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What You Need To Know About MS and Vaccines

Most routine vaccines are safe for people living with multiple sclerosis — but be sure to talk with your care team about your needs

Healthcare provider apply bandaid on patient's arm after a shot

You might remember those doctor’s appointments from your childhood.


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In hindsight, you now know that you walked out with something much more valuable than a sticker and a superhero bandage. Those appointments were some of the most critical to your long-term health. Because they’re when you got vaccinated against a slew of diseases that could cause lasting damage.

Vaccines remain an important part of adulthood. And when you’re living with multiple sclerosis (MS), it’s even more critical to keep up with vaccines. Because vaccinations can protect you from illnesses that can be dangerous to people with MS.

“Staying up-to-date with vaccines is important when you’re living with MS because your condition can make it harder to recover from infection,” says neurologist and MS specialist Robert Bermel, MD. “I always encourage people with MS to take steps to lower their risk of contracting illnesses when possible.”

What vaccines are safe for people with MS? Let’s take a look.

Are vaccines safe when you have MS?

Nearly all vaccines that are offered in routine medical care are safe for patients with MS.

“There is really no thought or evidence that vaccines worsen MS, but sometimes, we need to be careful giving certain types of vaccines if a patient with MS is on a certain type of immune medication,” Dr. Bermel clarifies.

Inactivated vaccines — the kind that don’t use live viruses — are the most common kind of vaccine and are considered safe (and important) for people with MS. That includes people taking disease-modifying therapies (DMTs).


Some medications may reduce the effectiveness of vaccines. That’s particularly true of some of the MS disease-modifying therapy medications, including some given by infusion and some taken by mouth. So, you may be better off getting vaccines before starting certain therapies.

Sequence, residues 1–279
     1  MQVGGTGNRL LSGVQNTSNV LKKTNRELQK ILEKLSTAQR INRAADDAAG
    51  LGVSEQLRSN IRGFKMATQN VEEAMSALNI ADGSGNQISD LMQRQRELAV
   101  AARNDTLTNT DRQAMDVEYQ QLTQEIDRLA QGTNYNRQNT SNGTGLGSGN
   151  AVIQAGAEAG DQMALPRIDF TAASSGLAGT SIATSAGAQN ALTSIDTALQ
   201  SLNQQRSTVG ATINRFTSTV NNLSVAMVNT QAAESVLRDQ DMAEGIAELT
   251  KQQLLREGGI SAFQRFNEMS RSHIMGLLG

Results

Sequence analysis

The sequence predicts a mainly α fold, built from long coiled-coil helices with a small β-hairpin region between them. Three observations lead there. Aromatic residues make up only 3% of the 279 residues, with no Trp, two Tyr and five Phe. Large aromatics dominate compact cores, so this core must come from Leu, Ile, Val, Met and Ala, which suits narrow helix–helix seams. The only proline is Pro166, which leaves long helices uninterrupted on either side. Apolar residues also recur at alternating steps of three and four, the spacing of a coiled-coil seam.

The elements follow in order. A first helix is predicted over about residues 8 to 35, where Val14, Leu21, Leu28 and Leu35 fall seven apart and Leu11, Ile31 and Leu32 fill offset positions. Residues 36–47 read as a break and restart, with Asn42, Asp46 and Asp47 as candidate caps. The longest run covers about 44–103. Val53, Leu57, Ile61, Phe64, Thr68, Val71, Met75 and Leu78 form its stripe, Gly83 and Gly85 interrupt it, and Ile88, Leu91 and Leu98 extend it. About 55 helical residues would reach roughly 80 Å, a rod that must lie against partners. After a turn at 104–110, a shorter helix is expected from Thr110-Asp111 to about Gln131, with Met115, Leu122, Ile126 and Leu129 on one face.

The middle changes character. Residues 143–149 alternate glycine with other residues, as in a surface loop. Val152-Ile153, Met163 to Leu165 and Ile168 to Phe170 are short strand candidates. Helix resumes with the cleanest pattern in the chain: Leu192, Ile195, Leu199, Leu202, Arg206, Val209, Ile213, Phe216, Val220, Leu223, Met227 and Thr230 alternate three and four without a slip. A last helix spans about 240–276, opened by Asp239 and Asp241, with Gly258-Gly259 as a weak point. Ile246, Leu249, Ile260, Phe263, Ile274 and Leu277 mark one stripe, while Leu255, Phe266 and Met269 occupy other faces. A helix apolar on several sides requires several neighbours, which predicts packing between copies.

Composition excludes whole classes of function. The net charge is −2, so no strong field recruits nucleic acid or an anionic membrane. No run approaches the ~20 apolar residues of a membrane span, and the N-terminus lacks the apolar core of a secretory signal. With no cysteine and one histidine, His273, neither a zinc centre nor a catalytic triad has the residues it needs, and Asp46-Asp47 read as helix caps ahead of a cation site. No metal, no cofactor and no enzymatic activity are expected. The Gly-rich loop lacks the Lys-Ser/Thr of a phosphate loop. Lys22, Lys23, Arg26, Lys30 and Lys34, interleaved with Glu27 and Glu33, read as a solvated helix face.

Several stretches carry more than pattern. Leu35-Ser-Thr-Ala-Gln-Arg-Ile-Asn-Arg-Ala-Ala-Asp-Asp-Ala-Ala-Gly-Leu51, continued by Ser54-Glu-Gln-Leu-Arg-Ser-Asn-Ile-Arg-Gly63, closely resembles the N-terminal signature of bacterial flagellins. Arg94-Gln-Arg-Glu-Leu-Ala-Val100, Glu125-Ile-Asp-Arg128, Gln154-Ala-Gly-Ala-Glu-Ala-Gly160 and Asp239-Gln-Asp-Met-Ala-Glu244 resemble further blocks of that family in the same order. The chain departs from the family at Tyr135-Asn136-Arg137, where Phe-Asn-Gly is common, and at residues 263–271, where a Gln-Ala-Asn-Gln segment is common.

Talk with your MS provider before getting any vaccines. And be sure your provider is aware of any medications you’re taking or therapies you’re undergoing, as they may affect your recommended vaccine schedule.

With those basic guidelines in mind, Dr. Bermel walks us through some common vaccines and recommendations for people with MS.

Flu vaccine

Getting an annual flu vaccine is the absolute best way to protect yourself from getting the flu. And when you’re living with MS, getting a viral illness like the flu can be especially serious, as it can make MS symptoms worse and make it harder to recover from the flu.

Flu vaccines can come in both live and inactivated varieties. The live vaccine is given as a nasal spray. Flu vaccines given as injections contain inactivated viruses. Dr. Bermel says the flu shot is the safer choice for people living with MS than the spray.

Plan to get your flu shot prior to each respiratory illness season. That’s around October in the Northern Hemisphere and March in the Southern Hemisphere.

COVID-19 vaccine

Current research suggests that most people with MS are no more at risk for severe COVID-19 infections than others. But that also means you’re not at a lower risk. And anytime someone with MS contracts a respiratory illness, it can cause a worsening of their symptoms.


So, staying current with COVID-19 vaccines is important to protect yourself from a severe case of COVID-19.

Review these guidelines from the U.S. Centers for Disease Control and Prevention (CDC) to determine if you’re due for a COVID-19 vaccine.

RSV vaccine

Respiratory syncytial virus (RSV) is a highly contagious lung infection that can cause severe complications in babies, older adults and people with compromised immune systems. If you have a lowered immunity due to MS treatments or other reasons, your provider may recommend the RSV vaccine, particularly if you’re over the age of 60.

Shingles vaccine

Two doses of the shingles vaccine are typically recommended for adults over the age of 50 and people over the age of 19 who have a weakened immune system. It hasn’t been studied specifically on people with MS. But other research hasn’t shown it to cause a higher risk for people with other autoimmune conditions.

Pneumonia vaccine

Vaccinations against pneumonia are inactivated vaccines and are considered safe for people with MS. The National Multiple Sclerosis Society suggests they should be considered for people with MS who are most at risk for pneumonia. That includes people who have compromised lung function, people who use a wheelchair full-time and people who are bed-bound.

Overseas travel vaccines

The CDC recommends specific vaccines for people visiting some overseas destinations. Those can include vaccines for illnesses like:

  • Yellow fever.
  • Typhoid.
  • Rabies.
  • Cholera.

If you’ll be visiting parts of the world with specific vaccination recommendations, talk with your MS team and your travel clinic to come up with the right plan for you.

Vaccines are important to maintaining your well-being when you’re living with MS. But it’s also important to know that some vaccines may not be right for you. Others may need to be scheduled around other treatments to be most effective. Talk with your MS team about what vaccines you would most benefit from.


Learn more about our editorial process.

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